Data source: Local data collection.

Outcome

Incidence of delirium.

Data source: Local data collection.

What the quality statement means for service providers, health and social care practitioners, and commissioners

Service providers (such as hospitals, residential care homes, nursing homes) ensure that guidance is available on using a range of tailored interventions to prevent delirium.

Health and social care practitioners ensure that adults newly admitted to hospital or long-term care who are at risk of delirium receive a range of tailored interventions to prevent delirium.

Commissioners (such as clinical commissioning groups [CCGs], local authorities) ensure that the hospitals and long-term care they commission services from can demonstrate (for example, by auditing current practice) the use of a range of tailored interventions to prevent delirium. CCGs may include this in local Commissioning for Quality and Innovation (CQUIN) targets for improving dementia and delirium care.

What the quality statement means for patients, service users and carers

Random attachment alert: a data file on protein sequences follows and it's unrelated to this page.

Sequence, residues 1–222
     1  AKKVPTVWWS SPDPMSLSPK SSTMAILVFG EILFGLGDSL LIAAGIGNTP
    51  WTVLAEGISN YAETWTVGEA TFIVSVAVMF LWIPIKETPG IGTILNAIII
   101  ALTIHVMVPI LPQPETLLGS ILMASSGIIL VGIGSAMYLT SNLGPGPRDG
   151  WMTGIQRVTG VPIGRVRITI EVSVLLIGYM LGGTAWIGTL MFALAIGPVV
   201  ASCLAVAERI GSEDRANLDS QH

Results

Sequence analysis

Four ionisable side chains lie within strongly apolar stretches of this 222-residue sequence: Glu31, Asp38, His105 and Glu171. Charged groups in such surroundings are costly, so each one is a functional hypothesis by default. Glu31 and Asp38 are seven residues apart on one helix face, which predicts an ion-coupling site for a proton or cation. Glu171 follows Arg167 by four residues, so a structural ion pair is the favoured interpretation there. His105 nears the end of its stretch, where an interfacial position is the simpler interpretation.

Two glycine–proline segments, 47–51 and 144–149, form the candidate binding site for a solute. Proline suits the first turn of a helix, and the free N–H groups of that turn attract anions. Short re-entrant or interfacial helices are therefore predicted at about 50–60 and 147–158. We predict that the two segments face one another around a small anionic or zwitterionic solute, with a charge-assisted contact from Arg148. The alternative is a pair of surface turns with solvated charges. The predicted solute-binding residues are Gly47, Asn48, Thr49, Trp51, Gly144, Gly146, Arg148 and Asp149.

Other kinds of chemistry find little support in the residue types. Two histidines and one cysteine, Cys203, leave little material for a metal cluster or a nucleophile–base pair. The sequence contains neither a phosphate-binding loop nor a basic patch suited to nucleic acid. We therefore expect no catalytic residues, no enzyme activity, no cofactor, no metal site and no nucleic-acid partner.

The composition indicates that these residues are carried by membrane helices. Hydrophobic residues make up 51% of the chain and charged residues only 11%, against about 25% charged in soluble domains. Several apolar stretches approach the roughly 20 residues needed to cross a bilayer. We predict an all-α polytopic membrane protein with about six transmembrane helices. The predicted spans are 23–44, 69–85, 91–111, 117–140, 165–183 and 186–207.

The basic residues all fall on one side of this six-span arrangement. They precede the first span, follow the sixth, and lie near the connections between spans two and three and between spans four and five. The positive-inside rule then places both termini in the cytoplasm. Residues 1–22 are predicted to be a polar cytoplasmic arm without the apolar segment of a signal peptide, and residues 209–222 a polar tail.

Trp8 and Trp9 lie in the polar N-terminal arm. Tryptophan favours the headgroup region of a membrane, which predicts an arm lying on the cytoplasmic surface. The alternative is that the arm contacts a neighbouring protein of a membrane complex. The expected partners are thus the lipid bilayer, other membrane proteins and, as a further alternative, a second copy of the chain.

Adults admitted to hospital or to a residential care home or nursing home who are thought to be at risk of delirium are assessed and offered care to reduce their chances of getting delirium that takes into account their particular needs and circumstances.

Source guidance

  • Delirium (NICE clinical guideline 103), recommendations 1.3.2 (key priority for implementation) and 1.3.3.1 to 1.3.3.10.

Definitions of terms used in this quality statement

Long-term care

Residential care provided in a home that may include skilled nursing care and help with everyday activities. This includes nursing homes and residential homes. [NICE clinical guideline 103, full guideline, glossary of terms]

Adults at risk of delirium

If any of these risk factors is present, the person is at risk of delirium:

  • Age 65 years or older.

  • Cognitive impairment (past or present) and/or dementia. If cognitive impairment is suspected, confirm it using a standardised and validated cognitive impairment measure.

  • Current hip fracture.